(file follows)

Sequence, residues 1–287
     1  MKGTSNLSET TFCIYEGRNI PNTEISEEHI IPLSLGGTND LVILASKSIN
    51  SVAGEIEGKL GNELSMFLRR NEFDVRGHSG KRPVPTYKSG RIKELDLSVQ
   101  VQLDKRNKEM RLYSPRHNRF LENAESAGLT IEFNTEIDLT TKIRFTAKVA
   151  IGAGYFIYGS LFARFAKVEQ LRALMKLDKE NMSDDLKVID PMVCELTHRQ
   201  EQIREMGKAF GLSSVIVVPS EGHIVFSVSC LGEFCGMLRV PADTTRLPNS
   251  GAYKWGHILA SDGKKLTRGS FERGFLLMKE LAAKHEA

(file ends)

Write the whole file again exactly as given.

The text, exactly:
Sequence, residues 1–287
     1  MKGTSNLSET TFCIYEGRNI PNTEISEEHI IPLSLGGTND LVILASKSIN
    51  SVAGEIEGKL GNELSMFLRR NEFDVRGHSG KRPVPTYKSG RIKELDLSVQ
   101  VQLDKRNKEM RLYSPRHNRF LENAESAGLT IEFNTEIDLT TKIRFTAKVA
   151  IGAGYFIYGS LFARFAKVEQ LRALMKLDKE NMSDDLKVID PMVCELTHRQ
   201  EQIREMGKAF GLSSVIVVPS EGHIVFSVSC LGEFCGMLRV PADTTRLPNS
   251  GAYKWGHILA SDGKKLTRGS FERGFLLMKE LAAKHEA